Toni commented, “Obviously he didn’t kill you because you’re here now. In fact, you’re not even marked so he must have been harmless.”

“Well, other than the emotional Apocalypse that I went through then, yes, I’d agree with that. Once I actually dozed off—against all of my survival instincts. When I awoke I turned my head quickly and he was staring at me. I froze, he smiled and turned away.”

“Maybe he was looking at the scenery.”

“No, it was dark out and besides, there was no scenery on the side of my face. He got off the stop before here. As he left he nodded and smiled at me.”

“Oh, that’s nice. You became friends in the end.” Toni was being quite facetious.

“But it was weird.”

“Why?” she asked more seriously.

“It was like a knowing smile. Like he knew something and I didn’t.”

“Well, you’re here now and safe among friends. We’ve got you surrounded and covered.” She smiled.

That reassured Thomas more than Toni would have expected, but then she did not know about the night before.

“So how is Carl?” asked Thomas. “Last year he seemed to be getting a bit rough around the edges.”

“Well, whatever was on the edges worked its way down deeper. He’s really been a grief this year. Mom is quite worried about him. She tries to talk to him but it’s like he put corks in his ears.”

“What about you? Will he listen to you?”

She twisted her face. “Oh yea, like that will ever happen.”

“When is he going to turn 18?”

“That happened a few months ago. We both expected him to bolt on that day but to our surprise he’s still here. Of course we’re glad that he is. Mom’s hoping that by keeping him nearby she’ll be able to bring him back to our side.”

Our side? You make him sound like the enemy.”

“Sometimes I wonder. Right after father, umm, left five years ago he just completely buried his emotions.”

“Sort of like Pompeii?”

“He’s just gotten worse and worse.”

“Like how?” asked Thomas.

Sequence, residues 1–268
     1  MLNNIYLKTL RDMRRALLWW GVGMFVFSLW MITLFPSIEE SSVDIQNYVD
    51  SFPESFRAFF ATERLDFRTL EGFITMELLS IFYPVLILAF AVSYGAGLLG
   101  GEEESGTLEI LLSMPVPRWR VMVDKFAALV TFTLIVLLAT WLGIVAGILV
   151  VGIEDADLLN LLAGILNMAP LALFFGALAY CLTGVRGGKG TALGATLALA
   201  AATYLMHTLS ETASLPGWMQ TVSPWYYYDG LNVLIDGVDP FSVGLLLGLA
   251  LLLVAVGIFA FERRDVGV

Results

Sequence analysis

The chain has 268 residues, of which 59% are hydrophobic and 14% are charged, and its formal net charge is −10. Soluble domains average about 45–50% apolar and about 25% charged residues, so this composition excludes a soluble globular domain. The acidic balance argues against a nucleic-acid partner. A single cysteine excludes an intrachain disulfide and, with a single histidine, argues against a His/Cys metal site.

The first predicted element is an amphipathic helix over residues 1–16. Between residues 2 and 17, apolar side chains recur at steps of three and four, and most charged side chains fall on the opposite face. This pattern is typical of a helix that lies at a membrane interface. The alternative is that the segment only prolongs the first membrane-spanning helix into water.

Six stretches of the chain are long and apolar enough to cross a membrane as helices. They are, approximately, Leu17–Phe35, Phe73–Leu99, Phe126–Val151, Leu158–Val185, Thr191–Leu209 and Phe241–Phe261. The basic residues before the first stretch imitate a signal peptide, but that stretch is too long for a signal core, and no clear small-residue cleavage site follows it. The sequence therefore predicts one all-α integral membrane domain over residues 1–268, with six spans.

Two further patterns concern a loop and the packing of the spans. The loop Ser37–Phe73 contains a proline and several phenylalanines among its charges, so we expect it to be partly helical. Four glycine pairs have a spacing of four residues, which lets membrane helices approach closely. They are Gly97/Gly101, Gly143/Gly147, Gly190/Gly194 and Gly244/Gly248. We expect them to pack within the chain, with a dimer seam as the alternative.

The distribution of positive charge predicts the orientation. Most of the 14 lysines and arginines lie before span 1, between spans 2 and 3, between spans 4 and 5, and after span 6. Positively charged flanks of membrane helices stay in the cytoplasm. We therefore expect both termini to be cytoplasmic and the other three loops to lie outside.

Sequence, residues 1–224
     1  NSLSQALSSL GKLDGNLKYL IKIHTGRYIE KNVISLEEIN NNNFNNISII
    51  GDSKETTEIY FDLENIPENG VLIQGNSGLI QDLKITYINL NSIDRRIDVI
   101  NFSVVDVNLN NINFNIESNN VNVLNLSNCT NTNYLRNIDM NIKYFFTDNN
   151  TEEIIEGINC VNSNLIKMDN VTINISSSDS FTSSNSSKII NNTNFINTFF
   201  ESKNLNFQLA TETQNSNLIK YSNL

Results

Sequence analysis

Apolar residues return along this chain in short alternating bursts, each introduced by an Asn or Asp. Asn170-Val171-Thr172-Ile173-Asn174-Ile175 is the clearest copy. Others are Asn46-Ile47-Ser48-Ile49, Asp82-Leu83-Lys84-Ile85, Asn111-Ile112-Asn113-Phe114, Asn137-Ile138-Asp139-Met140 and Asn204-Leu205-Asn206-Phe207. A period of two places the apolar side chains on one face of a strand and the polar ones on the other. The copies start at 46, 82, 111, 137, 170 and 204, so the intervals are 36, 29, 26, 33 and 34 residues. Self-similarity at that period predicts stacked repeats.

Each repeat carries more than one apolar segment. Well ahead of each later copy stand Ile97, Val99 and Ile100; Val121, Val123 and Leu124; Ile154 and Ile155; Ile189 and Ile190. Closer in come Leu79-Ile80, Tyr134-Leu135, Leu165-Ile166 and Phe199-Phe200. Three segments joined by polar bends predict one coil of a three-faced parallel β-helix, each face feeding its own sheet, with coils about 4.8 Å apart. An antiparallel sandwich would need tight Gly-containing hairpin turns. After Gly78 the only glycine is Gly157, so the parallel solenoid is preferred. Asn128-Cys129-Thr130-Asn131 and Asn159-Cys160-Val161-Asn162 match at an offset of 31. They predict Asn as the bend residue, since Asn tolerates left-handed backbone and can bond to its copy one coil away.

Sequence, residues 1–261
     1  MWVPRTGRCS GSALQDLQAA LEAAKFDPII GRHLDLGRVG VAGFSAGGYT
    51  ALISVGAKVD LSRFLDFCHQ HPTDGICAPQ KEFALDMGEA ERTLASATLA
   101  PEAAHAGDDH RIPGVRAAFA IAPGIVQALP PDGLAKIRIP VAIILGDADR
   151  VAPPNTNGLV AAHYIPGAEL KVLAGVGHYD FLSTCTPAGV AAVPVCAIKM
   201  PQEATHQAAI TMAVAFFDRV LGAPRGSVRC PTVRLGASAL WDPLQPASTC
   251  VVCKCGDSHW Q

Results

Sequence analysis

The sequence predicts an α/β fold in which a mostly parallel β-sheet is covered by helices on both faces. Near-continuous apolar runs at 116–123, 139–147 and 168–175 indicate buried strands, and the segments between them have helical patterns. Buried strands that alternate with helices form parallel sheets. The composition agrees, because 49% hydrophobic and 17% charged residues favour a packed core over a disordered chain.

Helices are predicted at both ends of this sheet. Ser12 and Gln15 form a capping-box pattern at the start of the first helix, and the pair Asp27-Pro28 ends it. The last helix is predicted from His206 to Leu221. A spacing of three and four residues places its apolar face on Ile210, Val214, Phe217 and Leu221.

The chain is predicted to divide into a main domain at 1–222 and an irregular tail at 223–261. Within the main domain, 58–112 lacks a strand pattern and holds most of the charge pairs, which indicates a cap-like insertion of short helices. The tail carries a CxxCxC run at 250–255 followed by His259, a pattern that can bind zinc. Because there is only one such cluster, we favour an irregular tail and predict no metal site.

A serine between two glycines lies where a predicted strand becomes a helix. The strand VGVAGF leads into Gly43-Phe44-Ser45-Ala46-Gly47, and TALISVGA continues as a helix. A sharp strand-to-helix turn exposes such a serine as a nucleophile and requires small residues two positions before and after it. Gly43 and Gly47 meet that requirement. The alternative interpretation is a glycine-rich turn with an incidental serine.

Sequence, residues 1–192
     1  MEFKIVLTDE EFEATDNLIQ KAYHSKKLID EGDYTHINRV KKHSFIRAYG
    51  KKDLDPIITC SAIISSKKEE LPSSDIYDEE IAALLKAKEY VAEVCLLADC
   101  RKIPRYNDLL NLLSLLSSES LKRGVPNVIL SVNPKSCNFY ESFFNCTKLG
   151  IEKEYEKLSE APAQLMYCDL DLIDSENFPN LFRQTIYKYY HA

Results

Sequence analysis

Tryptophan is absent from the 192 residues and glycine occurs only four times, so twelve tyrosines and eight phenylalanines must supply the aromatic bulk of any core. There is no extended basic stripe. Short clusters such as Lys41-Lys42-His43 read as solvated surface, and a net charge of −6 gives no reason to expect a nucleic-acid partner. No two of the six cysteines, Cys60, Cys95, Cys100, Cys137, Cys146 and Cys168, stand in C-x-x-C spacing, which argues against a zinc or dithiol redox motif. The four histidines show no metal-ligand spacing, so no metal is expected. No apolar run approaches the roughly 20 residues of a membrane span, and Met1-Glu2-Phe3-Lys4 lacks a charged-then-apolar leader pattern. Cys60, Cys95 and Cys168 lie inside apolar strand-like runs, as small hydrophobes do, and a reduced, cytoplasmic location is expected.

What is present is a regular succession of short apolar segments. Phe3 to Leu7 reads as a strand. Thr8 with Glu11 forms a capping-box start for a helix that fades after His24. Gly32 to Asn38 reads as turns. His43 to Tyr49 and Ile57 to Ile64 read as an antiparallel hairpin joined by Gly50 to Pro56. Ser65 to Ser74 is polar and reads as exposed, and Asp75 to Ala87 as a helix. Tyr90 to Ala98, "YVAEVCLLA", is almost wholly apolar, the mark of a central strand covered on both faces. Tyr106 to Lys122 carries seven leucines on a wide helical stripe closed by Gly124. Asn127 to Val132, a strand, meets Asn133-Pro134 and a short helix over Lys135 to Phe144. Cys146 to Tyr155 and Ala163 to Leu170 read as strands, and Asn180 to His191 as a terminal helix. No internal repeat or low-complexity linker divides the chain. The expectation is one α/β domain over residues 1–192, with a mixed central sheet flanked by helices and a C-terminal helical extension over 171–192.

“You wouldn’t see any around much because we keep finding them and hiding them, but he’s been laying out traps to catch small animals. Most of them were pretty crude and wouldn’t have caught a squirrel on a suicide mission but that’s not the point.”

“Why is he trying to catch animals?”

“To do things to them. I don’t even want to know what he has in mind, but I’m sure that it is horrible.”

“Has he ever caught any?” Thomas was very much hoping for a negative answer.

“Not that we know of, but I doubt it. I think that we would have found something—remains or whatever—lying around if he had. Besides I’m sure that he would have not been able to restrain himself from making Mom and I squirm by telling us what he had done and perhaps displaying a trophy. We would have shut him up immediately but he would have told us enough to make us both sick.”

“When did he start this?”

“About a year ago.”

“What else has he been doing (as though that’s not enough)?”

“He’s has a great fascination with fires. That’s been going on for a while but it seems that he has higher goals than he used to. Right after Dad… left he would make large crisscrossed piles of lumber. Then he would put plastic soldiers on all different levels and then set fire to the bottom. He seemed to take a little too much glee in watching their tiny faces melt and then tumble into the flames where they would sizzle and crackle. I don’t know, it just seemed perverse to me.”